Summary History of Eastern, Greenwood and Shardein Cemeteries
By: Philip J. DiBlasi, Staff Archaeologist. University of Louisville, Louisville, KY 40292
Eastern Cemetery is located at 641 Baxter Avenue. Eastern Cemetery Corporation was incorporated by an act of the Kentucky General Assembly on 4 March 1854 "for the use and benefit of the Fourth Street Methodist Episcopal Church". However, deeds indicate that the property was obtained (original 15-acre tract) in April 1843. Records (in the form of contemporaneous daily logs) indicate that burials were conducted on the tract in 1843. Numerous stories exist that burials were conducted on the property as early as 1835, but these burials can't be documented, since there are no records that date to this period.
Additional property was acquired by Brook Street & Walnut Street Methodist Episcopal Churches South in 1865 (5.5 acres), 1868 (7.44 acres), and in 1872 (series of lots). The property is presently 30+/- acres.
Fourth Street Methodist Episcopal Church South became Broadway Methodist Episcopal Church and is now known as Trinity Temple United Methodist Church (537 S 3rd Street). Brook Street Methodist Episcopal Church South became Walnut Street Methodist Church and is now known as Christ United Methodist Church (4614 Brownsboro Road). The original Board of Directors, seated in 1854, consisted of: John Hawkins, Haiden Curd, Jeremiah Brown, Coleman Daniel, Samuel Osburn and Jacob Smith.
Eastern Cemetery Corporation opened the first crematorium in the City of Louisville (possibly the State of Kentucky) in the early 1930s. The crematorium occupied the structure (now apartments) that fronts on Baxter Avenue. This building once served as offices, chapel and crematorium. In September 1957, the present offices, chapel, crematorium and columbarium were completed at a cost of $79,737.
The list of individuals who are buried in Eastern Cemetery reads like a Who's Who of Louisville's society both Black and white. Methodist Bishop Henry Bidleman Bascom (d. 1850) as well as the Spradlings and Henry Kerby (d. 1848) are buried there. Individuals from all levels of society are buried in Eastern Cemetery. The Old Slave Ground was reserved for enslaved individuals whose owners lived in the urban center and had no family cemetery to bury their dead. Numerous fraternal societies have lots and clusters of lots. The Odd Fellows, the Masons, the United Brothers and Sisters of Friendship are just a few organizations that occupy lots in Eastern.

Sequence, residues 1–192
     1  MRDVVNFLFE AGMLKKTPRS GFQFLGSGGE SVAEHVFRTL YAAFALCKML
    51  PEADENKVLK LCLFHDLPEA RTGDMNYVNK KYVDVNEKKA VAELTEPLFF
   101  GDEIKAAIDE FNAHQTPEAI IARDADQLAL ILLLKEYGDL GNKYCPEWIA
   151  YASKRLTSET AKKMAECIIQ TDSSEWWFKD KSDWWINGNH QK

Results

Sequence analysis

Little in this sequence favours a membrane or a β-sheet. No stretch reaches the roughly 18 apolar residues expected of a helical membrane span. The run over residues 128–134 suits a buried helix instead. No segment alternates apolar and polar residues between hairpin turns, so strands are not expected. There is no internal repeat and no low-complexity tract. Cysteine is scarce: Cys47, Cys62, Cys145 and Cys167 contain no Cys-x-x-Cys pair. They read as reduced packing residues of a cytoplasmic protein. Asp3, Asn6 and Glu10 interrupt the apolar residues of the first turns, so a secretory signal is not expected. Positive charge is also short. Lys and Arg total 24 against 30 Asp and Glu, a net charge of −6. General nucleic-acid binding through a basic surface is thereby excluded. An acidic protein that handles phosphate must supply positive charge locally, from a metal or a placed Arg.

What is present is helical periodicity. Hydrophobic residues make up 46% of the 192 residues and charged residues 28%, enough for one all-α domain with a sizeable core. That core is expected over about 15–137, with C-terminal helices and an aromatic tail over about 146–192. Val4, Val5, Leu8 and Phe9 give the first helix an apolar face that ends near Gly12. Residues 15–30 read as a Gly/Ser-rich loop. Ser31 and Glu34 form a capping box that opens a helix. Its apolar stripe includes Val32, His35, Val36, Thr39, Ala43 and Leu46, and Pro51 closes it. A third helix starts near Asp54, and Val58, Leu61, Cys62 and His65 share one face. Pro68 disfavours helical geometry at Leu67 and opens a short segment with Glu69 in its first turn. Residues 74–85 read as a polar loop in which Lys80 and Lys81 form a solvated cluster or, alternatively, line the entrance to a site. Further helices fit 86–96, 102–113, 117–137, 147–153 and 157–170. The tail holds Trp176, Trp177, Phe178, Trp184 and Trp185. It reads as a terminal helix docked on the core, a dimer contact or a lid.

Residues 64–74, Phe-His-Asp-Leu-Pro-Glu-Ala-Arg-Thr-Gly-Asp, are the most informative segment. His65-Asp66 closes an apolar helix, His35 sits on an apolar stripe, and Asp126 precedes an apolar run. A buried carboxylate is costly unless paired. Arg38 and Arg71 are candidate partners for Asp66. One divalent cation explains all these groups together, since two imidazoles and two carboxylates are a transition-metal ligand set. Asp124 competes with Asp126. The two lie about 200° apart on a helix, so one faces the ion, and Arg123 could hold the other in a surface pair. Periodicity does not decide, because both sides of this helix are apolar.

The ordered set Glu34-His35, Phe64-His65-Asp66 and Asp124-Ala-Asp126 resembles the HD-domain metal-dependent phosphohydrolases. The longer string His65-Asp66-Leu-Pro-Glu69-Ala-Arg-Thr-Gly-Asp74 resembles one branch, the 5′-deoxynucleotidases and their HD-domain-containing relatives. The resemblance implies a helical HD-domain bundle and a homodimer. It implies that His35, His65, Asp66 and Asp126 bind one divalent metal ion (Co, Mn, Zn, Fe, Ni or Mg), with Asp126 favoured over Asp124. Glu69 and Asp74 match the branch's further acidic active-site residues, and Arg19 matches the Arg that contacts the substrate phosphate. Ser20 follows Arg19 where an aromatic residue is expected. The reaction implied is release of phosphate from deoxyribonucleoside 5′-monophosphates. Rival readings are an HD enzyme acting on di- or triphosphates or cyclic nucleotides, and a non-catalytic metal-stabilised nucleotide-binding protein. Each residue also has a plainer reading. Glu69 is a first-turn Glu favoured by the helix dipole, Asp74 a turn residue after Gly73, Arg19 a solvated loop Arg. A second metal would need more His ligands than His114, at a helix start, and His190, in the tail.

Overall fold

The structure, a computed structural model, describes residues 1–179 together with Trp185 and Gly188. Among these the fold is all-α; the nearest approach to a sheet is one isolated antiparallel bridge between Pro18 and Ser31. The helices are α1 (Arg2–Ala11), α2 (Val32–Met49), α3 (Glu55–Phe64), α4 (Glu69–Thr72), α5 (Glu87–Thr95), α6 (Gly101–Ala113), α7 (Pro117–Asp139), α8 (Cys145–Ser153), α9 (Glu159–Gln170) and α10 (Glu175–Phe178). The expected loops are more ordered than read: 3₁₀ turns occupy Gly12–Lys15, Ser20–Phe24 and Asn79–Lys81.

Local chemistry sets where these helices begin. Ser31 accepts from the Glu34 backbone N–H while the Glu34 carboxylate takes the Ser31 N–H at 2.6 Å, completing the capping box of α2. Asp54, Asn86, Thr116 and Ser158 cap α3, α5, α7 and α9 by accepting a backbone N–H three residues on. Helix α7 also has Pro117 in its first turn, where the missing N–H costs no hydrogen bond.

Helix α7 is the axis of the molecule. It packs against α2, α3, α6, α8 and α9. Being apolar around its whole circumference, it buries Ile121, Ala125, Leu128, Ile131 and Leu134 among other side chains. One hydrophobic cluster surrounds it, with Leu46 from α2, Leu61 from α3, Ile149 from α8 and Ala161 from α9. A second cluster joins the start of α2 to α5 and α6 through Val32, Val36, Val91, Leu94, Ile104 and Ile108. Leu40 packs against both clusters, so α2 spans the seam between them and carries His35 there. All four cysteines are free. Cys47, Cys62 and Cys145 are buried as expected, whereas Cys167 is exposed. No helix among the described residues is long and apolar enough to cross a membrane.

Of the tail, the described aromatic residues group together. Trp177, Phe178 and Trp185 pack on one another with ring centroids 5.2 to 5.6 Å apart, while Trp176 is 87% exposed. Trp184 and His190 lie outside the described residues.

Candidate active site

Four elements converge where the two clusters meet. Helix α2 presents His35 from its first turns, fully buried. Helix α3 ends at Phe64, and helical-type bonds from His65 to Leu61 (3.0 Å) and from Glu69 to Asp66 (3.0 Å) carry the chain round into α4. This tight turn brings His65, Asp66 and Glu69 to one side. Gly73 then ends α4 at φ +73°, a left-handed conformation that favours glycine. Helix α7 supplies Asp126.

Records at Eastern Cemetery indicate that the reuse of graves began as early as 1858. The early records note "OG" in many of the daily logs of burials. In several places in the records – "Old Grave" is written out. Records indicate family owned lots that were filled completely or partially with burials were purchased by Eastern Cemetery from their owners and subsequently sold as unused lots.
Maps for Eastern Cemetery consist of four versions (1880, 1907, 1962 and circa 1984 – or "modern"). Comparison of these various versions indicates entire sections were renamed and reburied. In some cases, sections were renamed as many as three and four times (i.e., Old Slave Ground, became Cheap Willow, then became Public Section 2, then became Cave Hill Corner, and finally became Sections 11 & 14). Records indicate that the renaming of sections was not the only time a section was reburied. In fact, records clearly indicate that some sections (i.e., Public Section 2) were reburied two times while known by one name. Archaeological investigations of at-need graves by this author indicate that in every section sampled there was almost a 100% probability that the at-need grave was occupied, by at least one prior burial.